[Xapian-devel] uint4 in quartz/flint

Olly Betts olly at survex.com
Tue Aug 16 15:59:44 BST 2005

On Fri, Aug 05, 2005 at 11:40:29AM +0100, James Aylett wrote:
> We have:
> ----------------------------------------------------------------------
> typedef unsigned long uint4;
> ----------------------------------------------------------------------
> which on an LP64 system is a lie. If uint4 is used on disk (and it's
> used in the btree implementation) then it would make the databases
> unportable, which probably isn't a good idea (unless we already have
> endianness issues, although even there, an ILP32 and an LP64 process
> on the same machine should really be able to share databases, although
> I haven't checked for alignment problems).

It's used to hold a quantity read (byte-by-byte) from disk.  So the
fact it may be MORE than 4 bytes isn't a portability problem, though it
is at best somewhat unaesthetic.

As far as I'm aware, databases are completely portable regardless of
endian or word size issues, or anything else.

> I'm also not sure why quartz_types.h / flint_types.h has a comment
> about a double implementation in the following:
> ----------------------------------------------------------------------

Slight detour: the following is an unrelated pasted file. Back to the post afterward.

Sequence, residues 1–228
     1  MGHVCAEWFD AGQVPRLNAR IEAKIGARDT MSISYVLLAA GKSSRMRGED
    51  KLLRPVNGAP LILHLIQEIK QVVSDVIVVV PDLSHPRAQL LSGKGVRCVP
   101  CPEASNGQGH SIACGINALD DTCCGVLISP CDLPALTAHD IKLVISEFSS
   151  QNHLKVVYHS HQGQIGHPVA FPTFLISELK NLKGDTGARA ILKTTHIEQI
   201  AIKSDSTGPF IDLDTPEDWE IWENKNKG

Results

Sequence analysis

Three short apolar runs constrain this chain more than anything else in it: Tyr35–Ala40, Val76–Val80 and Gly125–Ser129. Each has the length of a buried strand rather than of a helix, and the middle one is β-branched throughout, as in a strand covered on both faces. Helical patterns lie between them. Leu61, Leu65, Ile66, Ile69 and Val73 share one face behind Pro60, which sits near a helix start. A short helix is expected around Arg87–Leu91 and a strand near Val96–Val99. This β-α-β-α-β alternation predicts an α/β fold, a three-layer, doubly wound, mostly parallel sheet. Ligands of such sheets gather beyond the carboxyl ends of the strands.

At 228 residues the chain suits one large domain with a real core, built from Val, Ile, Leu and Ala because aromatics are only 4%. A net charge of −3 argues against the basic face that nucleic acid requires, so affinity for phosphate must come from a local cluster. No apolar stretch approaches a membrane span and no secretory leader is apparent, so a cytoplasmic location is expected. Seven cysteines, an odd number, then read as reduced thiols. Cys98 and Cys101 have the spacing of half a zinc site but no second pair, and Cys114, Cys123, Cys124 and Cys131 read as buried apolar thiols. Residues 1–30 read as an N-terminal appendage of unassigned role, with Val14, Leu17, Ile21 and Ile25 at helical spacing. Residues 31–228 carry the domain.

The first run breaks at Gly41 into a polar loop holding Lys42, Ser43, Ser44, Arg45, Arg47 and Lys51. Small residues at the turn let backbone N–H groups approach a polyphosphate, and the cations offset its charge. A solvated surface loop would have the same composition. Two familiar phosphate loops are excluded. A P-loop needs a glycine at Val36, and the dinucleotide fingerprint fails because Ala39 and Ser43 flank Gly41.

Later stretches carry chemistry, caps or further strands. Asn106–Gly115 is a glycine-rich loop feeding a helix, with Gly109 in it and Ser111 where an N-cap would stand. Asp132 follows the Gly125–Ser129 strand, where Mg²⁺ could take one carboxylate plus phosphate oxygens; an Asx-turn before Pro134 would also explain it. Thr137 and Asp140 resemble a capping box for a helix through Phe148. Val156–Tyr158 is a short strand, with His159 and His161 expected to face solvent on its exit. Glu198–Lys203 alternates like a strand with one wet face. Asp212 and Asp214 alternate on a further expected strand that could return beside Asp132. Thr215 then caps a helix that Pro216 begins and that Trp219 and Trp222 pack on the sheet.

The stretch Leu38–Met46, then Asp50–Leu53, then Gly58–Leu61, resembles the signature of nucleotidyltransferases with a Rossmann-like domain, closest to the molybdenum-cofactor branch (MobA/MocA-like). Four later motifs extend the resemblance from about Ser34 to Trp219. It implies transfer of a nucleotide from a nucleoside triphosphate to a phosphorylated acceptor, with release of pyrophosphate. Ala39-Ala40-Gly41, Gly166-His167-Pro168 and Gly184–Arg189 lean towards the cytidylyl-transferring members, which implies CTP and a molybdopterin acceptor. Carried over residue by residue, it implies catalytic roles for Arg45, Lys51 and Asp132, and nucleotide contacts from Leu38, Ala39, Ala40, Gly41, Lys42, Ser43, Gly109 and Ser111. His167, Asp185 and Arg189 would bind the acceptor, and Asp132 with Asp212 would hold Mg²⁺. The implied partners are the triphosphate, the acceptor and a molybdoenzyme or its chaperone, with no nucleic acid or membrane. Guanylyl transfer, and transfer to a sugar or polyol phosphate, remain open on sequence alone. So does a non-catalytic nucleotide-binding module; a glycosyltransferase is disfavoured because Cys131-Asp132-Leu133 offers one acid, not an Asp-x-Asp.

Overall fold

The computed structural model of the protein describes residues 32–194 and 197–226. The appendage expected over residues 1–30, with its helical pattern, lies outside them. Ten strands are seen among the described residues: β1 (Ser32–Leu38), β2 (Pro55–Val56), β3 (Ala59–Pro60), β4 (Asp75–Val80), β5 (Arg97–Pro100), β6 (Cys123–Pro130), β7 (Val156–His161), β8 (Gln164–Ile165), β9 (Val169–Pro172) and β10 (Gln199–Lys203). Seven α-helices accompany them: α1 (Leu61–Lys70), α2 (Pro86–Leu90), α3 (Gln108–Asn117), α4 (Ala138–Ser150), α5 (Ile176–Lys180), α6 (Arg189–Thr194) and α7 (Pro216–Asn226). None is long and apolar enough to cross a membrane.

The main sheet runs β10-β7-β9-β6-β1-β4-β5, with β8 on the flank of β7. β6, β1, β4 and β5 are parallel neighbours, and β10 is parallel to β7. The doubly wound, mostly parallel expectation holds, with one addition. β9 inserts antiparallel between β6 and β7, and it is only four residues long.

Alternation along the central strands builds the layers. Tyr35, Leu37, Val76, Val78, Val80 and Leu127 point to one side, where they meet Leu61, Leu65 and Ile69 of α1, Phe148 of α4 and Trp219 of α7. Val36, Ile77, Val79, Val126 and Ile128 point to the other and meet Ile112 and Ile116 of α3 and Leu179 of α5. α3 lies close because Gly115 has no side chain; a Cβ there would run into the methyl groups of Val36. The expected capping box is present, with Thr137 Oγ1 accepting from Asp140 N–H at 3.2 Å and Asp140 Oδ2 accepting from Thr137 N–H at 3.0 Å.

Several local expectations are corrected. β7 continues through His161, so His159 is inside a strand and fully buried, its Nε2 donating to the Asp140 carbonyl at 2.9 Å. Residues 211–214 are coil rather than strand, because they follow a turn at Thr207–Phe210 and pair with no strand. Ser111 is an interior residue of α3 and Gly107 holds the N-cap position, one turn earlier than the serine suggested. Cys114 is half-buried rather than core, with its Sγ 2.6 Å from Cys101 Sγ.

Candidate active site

> /** An integer type which can store the sum of the lengths of the
> documents
>  *  in the database.
>  *
>  *  FIXME - change this to a double?
>  */
> typedef unsigned long long int flint_totlen_t;
> ----------------------------------------------------------------------
> unsigned long long is dead right on both major data type sizes in use
> at the moment. While double certainly takes up 64bits, I don't see why
> an integer isn't the right choice. The comment comes from:

Yeah, a double would be a poor choice, as we need to be able to hold the
total length losslessly.  I'll kill that FIXME.

> I'm also not keen on the way that we use:
> #define UINT64 unsigned long long
> #define uint64_t unsigned long long
> These should (a) be the same (:-), (b) be typedefs, and (c) not be
> there anyway because #include <inttypes.h> will get them for us on
> modern systems. (If they aren't there, we can add configure checks -
> inttypes.h is in C99.)

"UINT64" is only used in the legacy muscat36 backend.  Few people will
have any use for that code, so time which might be spent cleaning up
the code is much better spent elsewhere.

"uint64_t" is only used if TIMING_PATCH is defined (which it isn't
unless you force it to be).  That's a vestige of some profiling work
from someone at webtop (jj probably), and should probably just be

> (If we used inttypes.h in quartz/flint, the uint4 typedef would be
> reliable, or actually just replaced by uint32_t.)

We probably should, thought using inttypes.h from C++ puts you in the
slightly disturbing area between the C++ standard and the C99 revisions
to the C90 standard.  But hopefully configure tests can sort out any
problems there.


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